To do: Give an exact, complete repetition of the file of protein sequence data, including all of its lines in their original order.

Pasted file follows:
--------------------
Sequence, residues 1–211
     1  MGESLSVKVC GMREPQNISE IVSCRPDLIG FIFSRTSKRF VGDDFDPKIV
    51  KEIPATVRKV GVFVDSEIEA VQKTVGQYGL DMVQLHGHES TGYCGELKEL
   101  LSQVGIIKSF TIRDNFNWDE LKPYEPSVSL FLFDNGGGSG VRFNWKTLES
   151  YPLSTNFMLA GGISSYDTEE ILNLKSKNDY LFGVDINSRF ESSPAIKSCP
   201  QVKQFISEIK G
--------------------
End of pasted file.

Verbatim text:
Sequence, residues 1–211
     1  MGESLSVKVC GMREPQNISE IVSCRPDLIG FIFSRTSKRF VGDDFDPKIV
    51  KEIPATVRKV GVFVDSEIEA VQKTVGQYGL DMVQLHGHES TGYCGELKEL
   101  LSQVGIIKSF TIRDNFNWDE LKPYEPSVSL FLFDNGGGSG VRFNWKTLES
   151  YPLSTNFMLA GGISSYDTEE ILNLKSKNDY LFGVDINSRF ESSPAIKSCP
   201  QVKQFISEIK G